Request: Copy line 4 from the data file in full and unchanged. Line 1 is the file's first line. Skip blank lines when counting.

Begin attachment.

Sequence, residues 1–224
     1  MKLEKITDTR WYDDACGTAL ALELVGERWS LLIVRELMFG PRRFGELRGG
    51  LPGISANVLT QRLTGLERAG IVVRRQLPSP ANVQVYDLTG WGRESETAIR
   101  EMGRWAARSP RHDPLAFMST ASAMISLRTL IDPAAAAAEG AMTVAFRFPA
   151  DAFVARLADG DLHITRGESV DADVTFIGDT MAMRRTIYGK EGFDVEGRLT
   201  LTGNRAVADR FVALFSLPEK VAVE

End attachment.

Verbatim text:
   101  EMGRWAARSP RHDPLAFMST ASAMISLRTL IDPAAAAAEG AMTVAFRFPA